Rail biking the Adirondacks

On Tuesday, our second full day in upstate New York, and only a day before July 4th, we decided to do something completely different – rail biking the Adirondacks. But first, we started the day (at 930AM this time) with another hearty breakfast at the Snow Goose B&B. Amy made us an egg scramble, accompanied with yogurts, fruit, and toast again. Just the protein we needed to “kind of” exercise while rail biking the Adirondacks.

Rail biking the Adirondacks - our drive

Rail biking the Adirondacks – our drive

We then set out for the North Creek rail station nearby Lake George, where the company Revolution Rail operated out of. We had set up a 1230PM appointment a few months in advance since rail biking the Adirondacks looked like an incredibly unique thing to do. THe company was organized and prompt, greeting us and checking us in immediately at noon (they asked us to arrive 30 minutes in advance or our appointment). As we were waiting around the trail depot, we learned that this was train station Teddy Roosevelt was at when he found out when McKinley was shot (which would make him President).

Revolution Rail gathered us and about 30 other people onto a bus at 1230PM and moved us 5 miles or so up the road to a 3 mile portion of the track that they leased from the rail company. We disembarked the bus and waited to be set up. If you’re wondering what we are even talking about, take a look at the rail bikes here!

There was a very large (20 person) family that was set up together in the back, and we were situation in position #3 behind another couple and our train conductor. BY 1PM we were peddling away, rail biking the Adirondacks.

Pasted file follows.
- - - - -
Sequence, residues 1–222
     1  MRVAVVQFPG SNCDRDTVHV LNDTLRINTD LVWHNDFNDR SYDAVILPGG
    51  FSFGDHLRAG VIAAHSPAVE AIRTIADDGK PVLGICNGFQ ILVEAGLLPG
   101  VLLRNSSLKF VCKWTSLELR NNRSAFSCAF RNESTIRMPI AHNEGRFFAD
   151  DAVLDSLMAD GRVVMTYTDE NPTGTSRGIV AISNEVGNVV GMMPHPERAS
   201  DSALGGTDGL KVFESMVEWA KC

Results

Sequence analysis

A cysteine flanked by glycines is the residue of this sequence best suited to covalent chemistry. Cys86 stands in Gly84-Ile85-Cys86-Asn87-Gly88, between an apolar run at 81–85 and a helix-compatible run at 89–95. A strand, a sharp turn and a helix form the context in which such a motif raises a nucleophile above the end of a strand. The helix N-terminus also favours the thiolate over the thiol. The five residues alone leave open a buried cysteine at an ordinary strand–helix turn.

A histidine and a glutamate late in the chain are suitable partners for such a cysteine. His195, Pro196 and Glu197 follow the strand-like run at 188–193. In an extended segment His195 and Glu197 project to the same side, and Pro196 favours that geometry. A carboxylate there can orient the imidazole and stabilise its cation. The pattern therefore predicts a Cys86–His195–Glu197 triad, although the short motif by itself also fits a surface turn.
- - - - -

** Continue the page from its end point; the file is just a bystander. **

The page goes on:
It was a leisurely 3 mile bike where we got to take in some nice forest scenery against the Hudson, and even passed over the Hudson at one point.

Rail biking the Adirondacks

Rail biking the Adirondacks

After the first 3 miles, we stopped for 30 minutes while the engineers rotated the bikes around the other way for our return journey. Picnic benches were set up for us on the Hudson where we relaxed before our final leg. The only thing that could have made rail biking the Adirondacks even better would have beer – apparently it wasn’t totally legal yet to drink while operating these things!

Once back in the rail bikes, we set up for another 3 miles, this time mostly downhill. It really only was “kinda” exercise – we barely had to pedal at all – these things just went! We could have done this all day, it was so relaxing, great scenery, and not too taxing.

All in all we loved it, and wanted more. Definitely a unique way to spend a few hours.

We pulled back in to the pickup point, transferred back to the bus, and were back at the North Creek rail station by 3PM. We decided to head in to the nearby town of North Creek for a sandwich to take with us on the road, and found a very cute little market called Izzy’s with a great selection of lunch fare.